Shoes are not really a top priority in my house because both mummy and daddy in this house know that their mummies and daddies grew up with no shoes. In fact, yiayia doesn't have a pair of shoes, only a pair of slippers and a pair of muddy old shoes with holes in them that she uses for the garden. When we mentioned to her that she needed a pair of shoes, she insisted that she didn't. "I never go anywhere, I am always at home, and if I go into hospital, I won't need shoes there," she answered. Her first pair of shoes, like all my children's grandparents, came when she was nearing her teens.

We now wear shoes because everyone else does, and we don't always mind if our shoes are old, as long as we have something covering our feet, because it looks more civil. Greeks are not like Kiwis, where people like to walk barefoot in the street after work before they go to the pub, or even at work like one of my maths professors at university, who came to the lecture theatre barefoot (right throughout the year). And in Greece, there are appropriate shoes for the appropriate time of the year, so another of my lecturers in the TESOL department would have looked quite out of place in her jandals (that was her only pair of shoes throughout the year). Wearing shoes in Greece is not necessarily about making a fashion or lifestyle statement; it's all about appropriateness.

Although it is a priority to wear shoes in Greece, it isn't a priority to wear shoes without holes in them. Priorities these days have to do with preserving our health (especially in this cold winter that we're having), eating healthy food (which has probably helped us to preserve our health), keeping safe and out of harm's way (like not entering areas where protest marches are scheduled to take place), and paying our bills, so that we don't have to feel threatened by having our communication and electricity supplies (aka in Greece as OTE and DEH) cut off. Priorities differ among us, but this kind of lifestyle has suited us so far, and surely I can't be so special that I am one of a small minority who lives like this in Greece. After all, only about one or two hundred-thousand Athenians thronged the streets on that fateful Sunday when Athens was razed. The other four million or so citizens of Athens were presumably keeping out of harm's way.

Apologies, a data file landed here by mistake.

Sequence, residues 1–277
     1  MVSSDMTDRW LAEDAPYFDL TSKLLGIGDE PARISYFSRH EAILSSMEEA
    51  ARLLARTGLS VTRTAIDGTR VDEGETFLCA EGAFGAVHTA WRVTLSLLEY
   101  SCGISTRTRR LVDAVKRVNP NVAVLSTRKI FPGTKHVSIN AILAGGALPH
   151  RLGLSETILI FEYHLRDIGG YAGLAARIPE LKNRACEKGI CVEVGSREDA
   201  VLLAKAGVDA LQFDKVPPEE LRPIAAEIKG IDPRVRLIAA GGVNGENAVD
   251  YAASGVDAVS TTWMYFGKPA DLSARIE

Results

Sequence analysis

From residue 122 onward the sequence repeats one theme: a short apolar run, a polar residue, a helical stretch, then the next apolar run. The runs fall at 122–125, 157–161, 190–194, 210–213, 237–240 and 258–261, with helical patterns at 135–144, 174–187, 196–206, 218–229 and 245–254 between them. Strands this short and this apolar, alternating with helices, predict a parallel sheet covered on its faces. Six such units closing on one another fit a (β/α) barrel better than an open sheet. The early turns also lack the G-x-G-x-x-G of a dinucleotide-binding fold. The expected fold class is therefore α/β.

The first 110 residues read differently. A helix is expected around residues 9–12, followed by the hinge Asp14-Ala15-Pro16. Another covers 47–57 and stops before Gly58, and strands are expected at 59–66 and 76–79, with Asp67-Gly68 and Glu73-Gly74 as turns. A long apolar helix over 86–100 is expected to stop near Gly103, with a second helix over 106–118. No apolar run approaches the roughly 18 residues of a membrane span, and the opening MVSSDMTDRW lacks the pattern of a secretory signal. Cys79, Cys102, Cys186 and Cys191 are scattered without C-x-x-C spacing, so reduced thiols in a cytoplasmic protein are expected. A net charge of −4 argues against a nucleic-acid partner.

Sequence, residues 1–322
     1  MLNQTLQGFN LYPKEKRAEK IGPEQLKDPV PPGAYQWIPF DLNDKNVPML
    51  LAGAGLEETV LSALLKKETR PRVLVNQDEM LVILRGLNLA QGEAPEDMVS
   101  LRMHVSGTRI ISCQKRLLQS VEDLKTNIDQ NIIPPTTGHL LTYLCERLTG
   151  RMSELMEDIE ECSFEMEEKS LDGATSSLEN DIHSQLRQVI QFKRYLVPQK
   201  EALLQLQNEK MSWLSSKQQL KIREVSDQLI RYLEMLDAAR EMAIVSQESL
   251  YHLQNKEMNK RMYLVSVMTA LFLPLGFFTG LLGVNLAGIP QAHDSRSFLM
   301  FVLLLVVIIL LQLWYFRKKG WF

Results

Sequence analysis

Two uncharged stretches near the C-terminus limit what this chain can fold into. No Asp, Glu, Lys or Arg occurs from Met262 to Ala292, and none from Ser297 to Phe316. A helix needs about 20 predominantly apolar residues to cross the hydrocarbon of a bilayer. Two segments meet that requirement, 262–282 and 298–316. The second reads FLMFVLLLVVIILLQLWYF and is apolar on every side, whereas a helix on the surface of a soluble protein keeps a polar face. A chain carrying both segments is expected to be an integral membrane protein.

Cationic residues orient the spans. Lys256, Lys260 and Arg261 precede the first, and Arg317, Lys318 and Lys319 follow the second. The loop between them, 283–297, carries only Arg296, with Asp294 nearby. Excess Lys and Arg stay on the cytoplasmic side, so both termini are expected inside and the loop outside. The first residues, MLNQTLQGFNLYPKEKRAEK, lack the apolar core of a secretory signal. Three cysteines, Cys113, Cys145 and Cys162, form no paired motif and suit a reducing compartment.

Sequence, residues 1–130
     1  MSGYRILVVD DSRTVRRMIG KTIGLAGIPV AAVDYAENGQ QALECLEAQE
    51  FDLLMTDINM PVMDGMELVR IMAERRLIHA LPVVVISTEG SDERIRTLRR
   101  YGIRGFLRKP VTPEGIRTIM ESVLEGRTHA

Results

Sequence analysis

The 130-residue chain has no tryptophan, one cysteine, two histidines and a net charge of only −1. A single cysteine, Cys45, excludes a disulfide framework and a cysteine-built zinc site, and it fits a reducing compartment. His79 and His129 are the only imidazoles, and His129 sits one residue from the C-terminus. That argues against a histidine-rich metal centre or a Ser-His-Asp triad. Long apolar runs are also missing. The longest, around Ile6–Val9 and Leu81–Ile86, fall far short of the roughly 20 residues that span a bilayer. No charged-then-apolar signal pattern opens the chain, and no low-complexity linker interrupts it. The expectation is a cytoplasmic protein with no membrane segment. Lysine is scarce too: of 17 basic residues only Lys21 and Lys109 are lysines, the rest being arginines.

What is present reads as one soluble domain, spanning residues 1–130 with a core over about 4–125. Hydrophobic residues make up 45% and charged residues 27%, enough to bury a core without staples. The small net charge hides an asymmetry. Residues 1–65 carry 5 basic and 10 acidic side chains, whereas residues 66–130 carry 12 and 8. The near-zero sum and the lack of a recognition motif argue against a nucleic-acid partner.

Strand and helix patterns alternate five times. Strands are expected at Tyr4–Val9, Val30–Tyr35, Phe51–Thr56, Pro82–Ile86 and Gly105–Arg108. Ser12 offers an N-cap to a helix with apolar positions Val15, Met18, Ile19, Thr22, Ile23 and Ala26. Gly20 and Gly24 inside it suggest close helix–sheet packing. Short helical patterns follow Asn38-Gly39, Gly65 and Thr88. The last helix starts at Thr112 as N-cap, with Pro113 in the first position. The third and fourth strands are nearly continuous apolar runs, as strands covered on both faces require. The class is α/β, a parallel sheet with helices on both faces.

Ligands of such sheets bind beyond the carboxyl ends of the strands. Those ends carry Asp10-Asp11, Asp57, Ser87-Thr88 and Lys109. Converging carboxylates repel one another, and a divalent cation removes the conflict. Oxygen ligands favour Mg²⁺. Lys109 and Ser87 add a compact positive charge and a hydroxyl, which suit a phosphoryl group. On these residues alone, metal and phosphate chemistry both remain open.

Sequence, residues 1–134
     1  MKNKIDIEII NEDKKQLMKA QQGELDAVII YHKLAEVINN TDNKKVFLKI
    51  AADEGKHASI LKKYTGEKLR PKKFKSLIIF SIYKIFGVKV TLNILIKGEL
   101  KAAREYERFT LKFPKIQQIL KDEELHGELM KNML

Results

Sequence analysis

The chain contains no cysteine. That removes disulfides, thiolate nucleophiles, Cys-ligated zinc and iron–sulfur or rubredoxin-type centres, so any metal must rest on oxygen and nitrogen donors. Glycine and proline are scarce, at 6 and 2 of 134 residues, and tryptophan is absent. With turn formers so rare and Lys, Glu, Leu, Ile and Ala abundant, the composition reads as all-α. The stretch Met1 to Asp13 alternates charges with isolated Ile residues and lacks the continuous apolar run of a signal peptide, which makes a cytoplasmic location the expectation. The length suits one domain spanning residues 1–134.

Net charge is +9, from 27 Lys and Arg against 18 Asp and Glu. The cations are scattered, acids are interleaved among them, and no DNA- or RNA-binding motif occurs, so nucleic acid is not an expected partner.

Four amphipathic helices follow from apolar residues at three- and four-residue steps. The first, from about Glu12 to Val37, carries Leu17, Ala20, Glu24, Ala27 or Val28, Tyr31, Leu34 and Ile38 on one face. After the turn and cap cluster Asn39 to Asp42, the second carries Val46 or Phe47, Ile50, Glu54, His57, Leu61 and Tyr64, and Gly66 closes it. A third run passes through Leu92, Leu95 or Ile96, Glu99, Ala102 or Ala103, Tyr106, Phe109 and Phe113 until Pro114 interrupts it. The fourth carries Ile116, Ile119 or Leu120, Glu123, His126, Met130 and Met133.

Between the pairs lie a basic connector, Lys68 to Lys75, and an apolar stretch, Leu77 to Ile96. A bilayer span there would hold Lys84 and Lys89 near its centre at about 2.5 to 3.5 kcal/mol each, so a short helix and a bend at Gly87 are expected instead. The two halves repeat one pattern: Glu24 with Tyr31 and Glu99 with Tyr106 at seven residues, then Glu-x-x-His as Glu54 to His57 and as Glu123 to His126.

Last week, we found some time to go into town and buy some new shoes. It was cold and wet; umbrellas don't do much for you on narrow streets, like those in the commercial heart of Hania. The rain was coming down too quickly and heavily for the drains to cope, and we all got soaked as we tried to avoid the puddles, especially my own feet; despite the heavy rains we have had in Crete, I still buy very cheap shoes which I know look fine at an office job, but in essence, they are not appropriate for walking around in wet weather.

We had a few problems finding a good pair of shoes for my son because we were looking for them late in the sales period, which meant that the most popular sizes and colours had run out. Finally, we found a store that offered good sports shoes (this is what most Greek kids wear to school, except the girls whose parents doll them up in their grandparents' and godparents' presents) at reasonable prices. My son could choose between a lace-up and a scratch pair; he chose the latter (for obvious reasons, as lace-ups mean more work), at a cost of 45 euro (his old shoes - the same brand, an almost similar pair - had cost 50 euro the previous year).




The next day, when he returned home from school, I asked him if his new shoes were as comfortable as his old pair.

"Yes, these ones are really good," he said. "They even keep my feet warm."

Now that he knows the difference between his old and new shoes, I wonder if he will remember to tell me when he needs a new pair. If this happens, I also wonder whether I'll be in a position to buy him a new pair of shoes when he needs them. At the moment, it doesn't look that way, unless I change the order of my priorities: first I buy new shoes, then I pay my electric bill - or simply convert our savings account into a current account.

Right this minute, Modern Greece is a tale of two cities, or rather, two camps:
What most people don't care to admit is that this crisis is survivable. I know this, because I know what I'm worth. I'm sorry to say, but not all my fellow compatriots do.

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Wednesday, 22 February 2012

Visitors (Επισκέπτες)

On this day last year, two events took place virtually simultaneously, which concerned both my homelands: the Christchurch earthquake, and the announcement of Crete as a point of arrival for the 15,000 Chinese nationals stranded in Ghaddafi-ruled Libya.

Last year on this day, the strategically-positioned Mediterranean island of Crete became the planned reception centre for the many foreign nationals fleeing the troubles of North Africa, notably Libya, where there were many foreign workers numbering over 1,500,000. Up to 15,000 Chinese citizens were evacuated from Libya with Greek ships chartered by China. Many of them were brought to Crete, boarding the same ferry boats that Cretans use to travel to Athens. Once they arrived, they stayed on Crete for a period of up to a month, until their transportation back to China was arranged.